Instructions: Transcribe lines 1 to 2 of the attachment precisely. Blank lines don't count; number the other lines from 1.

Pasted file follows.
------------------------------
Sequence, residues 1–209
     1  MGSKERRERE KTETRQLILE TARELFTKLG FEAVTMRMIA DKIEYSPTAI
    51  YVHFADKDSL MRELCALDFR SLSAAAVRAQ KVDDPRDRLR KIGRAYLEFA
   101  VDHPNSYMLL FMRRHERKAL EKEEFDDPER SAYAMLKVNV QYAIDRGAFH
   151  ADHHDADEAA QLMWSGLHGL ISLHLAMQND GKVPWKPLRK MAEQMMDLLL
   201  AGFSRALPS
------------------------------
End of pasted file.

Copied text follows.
Sequence, residues 1–209
     1  MGSKERRERE KTETRQLILE TARELFTKLG FEAVTMRMIA DKIEYSPTAI